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News & Events

The Business of Brand

Kellogg School marketing conference breaks attendance record; Leo Burnett CEO among keynotes

By Kari Richardson and Matt Golosinski

4/1/2004 - Linda Wolf, chairman and CEO of Leo Burnett Worldwide, kicked off the 2004 Kellogg School Marketing Conference on Jan. 16 with a keynote address exploring the cutting edge of brand building.

Wolf, who assumed the top leadership role at Leo Burnett in January 2001, illustrated the importance of brand with a multimedia presentation showcasing ad campaigns her firm designed for companies such as Walt Disney, Hallmark and Budweiser.

“Branding is everywhere today, and the need for new ideas is greater now than it’s ever been,” said Wolf, citing financial pressures that push companies to discover fresh ways to sell their products.

Beside Wolf, keynote speakers for the two-day conference, “Marketing Breakthroughs — What’s New and What’s Next,” included Mark Addicks, chief marketing officer for General Mills, and Chicago restaurateur Charlie Trotter. Panelists included marketers from some of the country’s top companies, who explored topics such as “Measuring Marketing Effectiveness” and “Expanding the Boundaries of Luxury” in Saturday sessions.

These marketing leaders drew more than 600 industry experts, faculty and students to the Donald P. Jacobs Center for the event Jan. 16 and 17, setting a new record for the annual conference organized by Kellogg School students.

Evoking the words of company founder Leo Burnett about the need to connect with customers, Wolf explained that “Before you can have a share of market, you must have a share of mind.”

The secret of a successful brand, she said, involves its ability to create “brand belief,” or a strong relationship between customers and the brand. Top brands have a “special stature” about them, she noted.

The brand bond is at the heart of the relationship between customer and company, Wolf said, and the brand’s essential message must form a part of every interaction between the product and the public. The message for athletic shoe and apparel manufacturer Nike, for instance, might be expressed as “winning spirit,” said Wolf. For Walt Disney World the communications theme is “shared magic.”

Top brands resonate with customers because the products and brand message seem relevant, engaging and capable of creating an emotional connection, Wolf said.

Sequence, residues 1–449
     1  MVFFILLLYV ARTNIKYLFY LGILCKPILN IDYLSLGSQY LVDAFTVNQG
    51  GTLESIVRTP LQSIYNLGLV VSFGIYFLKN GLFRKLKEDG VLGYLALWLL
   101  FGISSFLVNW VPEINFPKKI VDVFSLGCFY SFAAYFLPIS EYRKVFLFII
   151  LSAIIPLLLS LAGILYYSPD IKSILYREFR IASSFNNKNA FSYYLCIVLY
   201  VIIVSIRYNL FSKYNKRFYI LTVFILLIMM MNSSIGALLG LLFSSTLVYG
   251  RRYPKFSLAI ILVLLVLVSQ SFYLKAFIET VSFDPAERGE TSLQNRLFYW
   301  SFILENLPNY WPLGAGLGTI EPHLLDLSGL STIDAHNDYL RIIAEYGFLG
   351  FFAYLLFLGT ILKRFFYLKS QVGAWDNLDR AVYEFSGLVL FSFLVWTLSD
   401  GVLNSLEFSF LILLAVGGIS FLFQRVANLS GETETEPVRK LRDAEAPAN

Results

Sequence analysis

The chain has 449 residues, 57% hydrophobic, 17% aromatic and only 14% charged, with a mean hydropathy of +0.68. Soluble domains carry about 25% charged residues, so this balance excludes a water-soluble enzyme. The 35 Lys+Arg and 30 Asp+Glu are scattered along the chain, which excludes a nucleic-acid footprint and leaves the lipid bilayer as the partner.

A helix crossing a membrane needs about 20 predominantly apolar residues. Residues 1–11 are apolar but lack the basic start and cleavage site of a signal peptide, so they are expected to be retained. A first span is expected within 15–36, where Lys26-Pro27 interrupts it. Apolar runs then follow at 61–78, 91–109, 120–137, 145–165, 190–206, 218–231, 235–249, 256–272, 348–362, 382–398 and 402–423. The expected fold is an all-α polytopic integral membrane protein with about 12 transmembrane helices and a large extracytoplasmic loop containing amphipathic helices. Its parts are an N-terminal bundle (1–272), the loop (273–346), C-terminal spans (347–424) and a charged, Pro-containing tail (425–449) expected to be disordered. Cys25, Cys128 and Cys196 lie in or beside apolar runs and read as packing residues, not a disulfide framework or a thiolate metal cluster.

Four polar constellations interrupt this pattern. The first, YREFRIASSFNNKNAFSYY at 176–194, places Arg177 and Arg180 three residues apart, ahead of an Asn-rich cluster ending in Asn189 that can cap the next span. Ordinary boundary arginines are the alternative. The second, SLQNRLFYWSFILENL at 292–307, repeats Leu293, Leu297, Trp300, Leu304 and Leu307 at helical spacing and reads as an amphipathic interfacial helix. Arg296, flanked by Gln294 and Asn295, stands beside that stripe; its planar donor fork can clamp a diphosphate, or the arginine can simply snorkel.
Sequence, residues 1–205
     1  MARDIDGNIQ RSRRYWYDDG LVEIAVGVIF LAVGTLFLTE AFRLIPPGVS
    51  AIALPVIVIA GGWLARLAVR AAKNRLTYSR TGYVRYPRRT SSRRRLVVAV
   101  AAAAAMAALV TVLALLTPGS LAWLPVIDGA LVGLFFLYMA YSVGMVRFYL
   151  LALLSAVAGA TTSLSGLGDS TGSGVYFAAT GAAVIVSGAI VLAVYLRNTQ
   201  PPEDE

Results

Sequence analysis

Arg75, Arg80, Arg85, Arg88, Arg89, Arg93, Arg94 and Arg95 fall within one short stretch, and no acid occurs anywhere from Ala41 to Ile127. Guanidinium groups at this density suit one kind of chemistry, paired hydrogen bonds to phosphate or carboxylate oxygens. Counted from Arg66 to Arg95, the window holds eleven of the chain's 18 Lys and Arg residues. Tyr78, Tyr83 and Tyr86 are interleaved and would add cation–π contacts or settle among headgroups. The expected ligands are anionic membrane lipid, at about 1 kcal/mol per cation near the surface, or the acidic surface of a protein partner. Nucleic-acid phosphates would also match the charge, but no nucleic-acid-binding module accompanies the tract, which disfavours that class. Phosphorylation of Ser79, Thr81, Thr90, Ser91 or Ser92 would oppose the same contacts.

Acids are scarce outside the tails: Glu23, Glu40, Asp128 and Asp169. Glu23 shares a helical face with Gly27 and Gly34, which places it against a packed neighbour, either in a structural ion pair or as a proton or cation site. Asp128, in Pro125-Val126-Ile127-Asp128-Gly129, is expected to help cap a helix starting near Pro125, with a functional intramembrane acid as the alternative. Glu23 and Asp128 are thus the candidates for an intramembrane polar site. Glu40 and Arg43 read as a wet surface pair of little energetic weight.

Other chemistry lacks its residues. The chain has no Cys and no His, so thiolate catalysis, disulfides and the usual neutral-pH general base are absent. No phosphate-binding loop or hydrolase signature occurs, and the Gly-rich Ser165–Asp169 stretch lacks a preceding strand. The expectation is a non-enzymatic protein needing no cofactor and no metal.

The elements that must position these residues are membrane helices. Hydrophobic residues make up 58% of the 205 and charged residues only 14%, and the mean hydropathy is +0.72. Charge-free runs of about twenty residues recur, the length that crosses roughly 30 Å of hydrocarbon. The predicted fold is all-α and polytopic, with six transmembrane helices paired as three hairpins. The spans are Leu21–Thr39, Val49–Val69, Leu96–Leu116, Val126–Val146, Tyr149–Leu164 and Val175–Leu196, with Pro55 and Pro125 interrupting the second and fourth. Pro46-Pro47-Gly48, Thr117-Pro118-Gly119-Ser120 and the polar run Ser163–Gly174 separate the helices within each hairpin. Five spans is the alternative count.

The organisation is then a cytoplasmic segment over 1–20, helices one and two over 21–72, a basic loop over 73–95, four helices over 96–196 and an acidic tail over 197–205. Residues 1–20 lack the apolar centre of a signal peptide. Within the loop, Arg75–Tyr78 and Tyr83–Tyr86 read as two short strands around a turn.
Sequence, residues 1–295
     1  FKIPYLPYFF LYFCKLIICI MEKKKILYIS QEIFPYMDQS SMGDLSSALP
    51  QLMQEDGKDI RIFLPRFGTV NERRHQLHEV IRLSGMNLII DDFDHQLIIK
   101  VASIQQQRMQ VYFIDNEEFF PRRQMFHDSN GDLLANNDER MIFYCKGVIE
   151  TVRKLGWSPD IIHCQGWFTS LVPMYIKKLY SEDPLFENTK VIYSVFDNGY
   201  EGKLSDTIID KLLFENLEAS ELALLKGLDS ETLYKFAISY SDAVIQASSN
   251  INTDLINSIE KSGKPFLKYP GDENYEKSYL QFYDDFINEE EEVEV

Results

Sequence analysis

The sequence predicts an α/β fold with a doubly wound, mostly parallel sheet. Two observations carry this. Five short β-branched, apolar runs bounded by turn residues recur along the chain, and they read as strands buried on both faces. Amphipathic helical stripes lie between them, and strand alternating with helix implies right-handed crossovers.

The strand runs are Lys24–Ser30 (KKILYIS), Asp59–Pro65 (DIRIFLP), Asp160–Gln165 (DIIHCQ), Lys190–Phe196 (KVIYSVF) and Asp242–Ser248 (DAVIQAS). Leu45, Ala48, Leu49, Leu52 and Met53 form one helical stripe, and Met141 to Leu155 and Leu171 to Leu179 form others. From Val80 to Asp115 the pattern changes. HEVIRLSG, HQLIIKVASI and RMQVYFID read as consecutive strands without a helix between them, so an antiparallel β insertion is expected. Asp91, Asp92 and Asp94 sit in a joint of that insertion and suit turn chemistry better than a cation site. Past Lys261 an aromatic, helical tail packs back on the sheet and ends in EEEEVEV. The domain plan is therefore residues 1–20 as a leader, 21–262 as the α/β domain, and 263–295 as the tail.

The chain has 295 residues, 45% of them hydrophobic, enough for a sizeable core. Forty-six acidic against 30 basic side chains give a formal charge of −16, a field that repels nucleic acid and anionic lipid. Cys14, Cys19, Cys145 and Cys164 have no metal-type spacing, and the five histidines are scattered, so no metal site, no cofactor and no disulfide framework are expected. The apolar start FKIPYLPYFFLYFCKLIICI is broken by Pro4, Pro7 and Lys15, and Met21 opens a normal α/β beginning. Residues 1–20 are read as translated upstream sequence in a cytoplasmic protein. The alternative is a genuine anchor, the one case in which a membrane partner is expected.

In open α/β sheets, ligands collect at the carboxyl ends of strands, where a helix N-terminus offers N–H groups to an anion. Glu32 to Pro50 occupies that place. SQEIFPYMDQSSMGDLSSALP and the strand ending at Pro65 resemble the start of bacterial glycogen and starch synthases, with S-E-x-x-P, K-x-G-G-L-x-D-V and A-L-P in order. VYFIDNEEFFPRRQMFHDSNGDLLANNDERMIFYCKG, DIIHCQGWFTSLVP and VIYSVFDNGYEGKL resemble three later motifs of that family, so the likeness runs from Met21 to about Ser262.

“The key is keeping the brand alive, consistently and over time, no matter what the challenges,” she said, adding that every aspect of the business model impacts the relationship between the brand and customers. Wolf noted the importance of communicating the brand message at the point of sale, in terms of customer service, on a company Web site, through direct mail campaigns, and in all the other ways a firm engages its market.

“It’s important to create a personality to the brand,” Wolf said.

Chef Trotter, founder of Charlie Trotter’s Restaurant and Trotter’s to Go, described how he practices “the art of marketing without marketing,” conveying his principles of quality, purity and innovation to every part of his organization, as well as to customers, with little or no spending on advertising and promotion.

Trotter, who opened his much-lauded restaurant 17 years ago at age 27, says he isn’t afraid to break the rules, spending more on staffing and ingredients for his dishes than other restaurants — even making radical changes such as switching from an a la carte to a tasting menu and banning smokers from the bar. He’s designed everything from a series of cookbooks, to a public television series called “The Kitchen Sessions with Charlie Trotter,” to a table strategically placed in the bustling kitchen of Charlie Trotter’s Restaurant to spotlight his organization’s strengths.

“We want to challenge every paradigm that’s been established in the food and wine and hospitality world,” Trotter said.

Despite breakthroughs in the field, challenges for marketers abound. Panelists who participated in a session called “Expanding globally … into the U.S.” described how difficult it often is for international companies to crack the United States’ market.

“You have to understand your base brand and make sure it’s relevant to consumers,” said Katheryn Peeler, assistant vice president of Maybelline-Garnier, who oversaw the launch of Garnier Fructis hair-care products in the United States, strategizing a way to build the European brand’s popularity here.